Flour tortillas

(Makes about 30 x 15 cm (6 inch) tortillas)
500 g (1 lb 2 oz/31/3 cups) plain (all-purpose) flour
2 teaspoons salt
125 g (41/2 oz) chilled butter, chopped
grapeseed oil, for frying

Tortilla fillings

  • iceberg lettuce, shredded
    tomatoes, finely diced
    avocado, peeled, stones removed and flesh finely diced
    onions, thinly sliced
    sour cream or plain yoghurt

Combine the flour and salt in a bowl. Rub in the butter using your fingers, until mixture resembles breadcrumbs. Add 200 ml (7 fl oz) warm water and bring the mixture together to form a dough, adding the remaining water if necessary. Turn the dough out onto a lightly floured work surface and knead for about 3 minutes, or until smooth and elastic. Place the dough into a clean bowl, cover with a clean damp tea towel (dish towel) and set aside for at 1 hour at room temperature.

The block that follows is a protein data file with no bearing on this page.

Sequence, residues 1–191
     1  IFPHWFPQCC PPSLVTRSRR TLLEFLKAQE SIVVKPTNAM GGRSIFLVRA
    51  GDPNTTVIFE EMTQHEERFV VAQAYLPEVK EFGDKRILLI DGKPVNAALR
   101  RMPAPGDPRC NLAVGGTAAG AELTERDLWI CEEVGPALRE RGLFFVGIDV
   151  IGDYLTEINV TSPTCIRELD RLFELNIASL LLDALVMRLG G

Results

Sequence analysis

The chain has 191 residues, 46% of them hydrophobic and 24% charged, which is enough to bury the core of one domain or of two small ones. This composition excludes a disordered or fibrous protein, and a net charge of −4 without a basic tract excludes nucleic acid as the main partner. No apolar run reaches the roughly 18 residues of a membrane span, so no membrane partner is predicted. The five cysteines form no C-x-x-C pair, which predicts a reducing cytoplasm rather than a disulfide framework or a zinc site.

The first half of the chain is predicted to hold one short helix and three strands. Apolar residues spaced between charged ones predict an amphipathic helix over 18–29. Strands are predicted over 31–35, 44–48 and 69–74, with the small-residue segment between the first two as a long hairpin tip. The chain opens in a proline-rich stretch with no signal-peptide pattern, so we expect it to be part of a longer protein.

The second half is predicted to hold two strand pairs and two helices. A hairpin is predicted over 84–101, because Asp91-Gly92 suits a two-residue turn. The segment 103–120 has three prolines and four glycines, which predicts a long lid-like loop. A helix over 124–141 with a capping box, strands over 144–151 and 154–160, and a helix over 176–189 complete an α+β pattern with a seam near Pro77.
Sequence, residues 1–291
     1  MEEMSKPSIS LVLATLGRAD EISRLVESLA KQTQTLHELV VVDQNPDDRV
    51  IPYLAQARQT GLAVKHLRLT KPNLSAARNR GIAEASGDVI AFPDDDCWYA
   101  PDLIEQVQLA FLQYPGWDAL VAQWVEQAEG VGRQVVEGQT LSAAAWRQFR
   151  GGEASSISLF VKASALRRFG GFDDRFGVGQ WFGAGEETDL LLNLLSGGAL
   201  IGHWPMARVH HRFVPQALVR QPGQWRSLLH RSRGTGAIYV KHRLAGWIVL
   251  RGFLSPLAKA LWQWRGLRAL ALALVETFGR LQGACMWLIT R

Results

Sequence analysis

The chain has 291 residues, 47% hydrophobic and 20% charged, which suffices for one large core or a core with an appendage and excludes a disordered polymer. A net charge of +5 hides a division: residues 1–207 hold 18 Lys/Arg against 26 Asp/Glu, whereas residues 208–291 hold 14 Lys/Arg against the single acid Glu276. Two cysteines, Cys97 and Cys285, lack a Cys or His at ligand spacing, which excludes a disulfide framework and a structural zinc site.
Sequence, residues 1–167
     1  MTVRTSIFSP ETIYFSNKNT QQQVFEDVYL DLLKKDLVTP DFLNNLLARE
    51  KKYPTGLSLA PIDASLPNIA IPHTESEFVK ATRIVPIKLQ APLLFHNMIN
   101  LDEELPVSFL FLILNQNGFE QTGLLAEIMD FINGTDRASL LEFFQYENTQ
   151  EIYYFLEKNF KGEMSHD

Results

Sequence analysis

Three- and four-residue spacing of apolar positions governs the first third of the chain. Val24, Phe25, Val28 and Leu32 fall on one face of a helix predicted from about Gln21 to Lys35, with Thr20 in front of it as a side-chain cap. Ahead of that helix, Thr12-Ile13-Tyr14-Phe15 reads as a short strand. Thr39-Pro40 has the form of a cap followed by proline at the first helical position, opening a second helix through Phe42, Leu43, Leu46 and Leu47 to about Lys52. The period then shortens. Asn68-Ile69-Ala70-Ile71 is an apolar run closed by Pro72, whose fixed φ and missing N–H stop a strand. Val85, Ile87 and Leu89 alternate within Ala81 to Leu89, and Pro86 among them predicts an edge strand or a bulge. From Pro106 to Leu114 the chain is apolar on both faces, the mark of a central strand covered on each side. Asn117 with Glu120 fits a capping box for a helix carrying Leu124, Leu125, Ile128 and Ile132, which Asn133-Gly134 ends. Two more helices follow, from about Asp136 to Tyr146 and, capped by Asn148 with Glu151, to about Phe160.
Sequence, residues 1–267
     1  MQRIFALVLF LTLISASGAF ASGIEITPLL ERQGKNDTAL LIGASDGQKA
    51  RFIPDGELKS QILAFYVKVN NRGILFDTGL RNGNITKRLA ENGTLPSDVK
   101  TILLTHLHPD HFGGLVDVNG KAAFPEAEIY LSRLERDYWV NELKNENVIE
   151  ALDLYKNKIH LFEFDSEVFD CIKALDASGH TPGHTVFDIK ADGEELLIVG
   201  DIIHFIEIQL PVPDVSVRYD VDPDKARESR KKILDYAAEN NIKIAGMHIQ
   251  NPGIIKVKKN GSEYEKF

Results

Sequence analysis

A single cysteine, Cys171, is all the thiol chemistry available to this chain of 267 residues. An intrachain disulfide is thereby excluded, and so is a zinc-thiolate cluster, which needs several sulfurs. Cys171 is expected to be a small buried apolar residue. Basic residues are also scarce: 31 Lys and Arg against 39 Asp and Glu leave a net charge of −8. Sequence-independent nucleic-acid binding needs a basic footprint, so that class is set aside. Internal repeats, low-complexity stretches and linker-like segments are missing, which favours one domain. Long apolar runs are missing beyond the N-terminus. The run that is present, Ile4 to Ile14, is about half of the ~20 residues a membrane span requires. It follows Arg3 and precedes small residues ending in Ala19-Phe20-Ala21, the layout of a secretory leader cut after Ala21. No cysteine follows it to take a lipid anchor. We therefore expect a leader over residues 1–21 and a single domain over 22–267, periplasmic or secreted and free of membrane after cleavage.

Divide the dough into 30 even-sized portions and roll each portion into a ball. Roll each ball into a thin circle with a 15 cm (6 inch) diameter – they should be paper-thin. Set the oven to its lowest temperature.

Heat a thin smear of oil in a frying pan over high heat. Fry the tortillas on each side until bubbles form and they brown in patches. Remove to a plate, cover with a damp tea towel to keep them soft and keep them warm in the oven while cooking the remainder.

Serve the warm tortillas with your choice of hot shredded skirt steak or Mexican bean with your favourite fillings and the sweet chilli sauce.

Wine recommendations for Mexican Banquet

Fuller, heavier wines to match the robustness of this dish are what you need. For this one, look to the classic, big, Barossa Valley (South Australia) wines here with a Grenache Shiraz Mouvedre blend. This has a good balance of fruit and earthy notes to match the Mexican spices.

A straight Shiraz, with it’s blackberry, plum and black pepper notes will also complement the skirt steak and spice and beans mix, and the softer tannins wont aggravate the heat from the spices.

Once again, if a big red isn’t really doing it for you, then you can’t beat an easy drinking Cervaza style lager, or even a crisp wheat beer to wash that spice and chilli down on a hot day.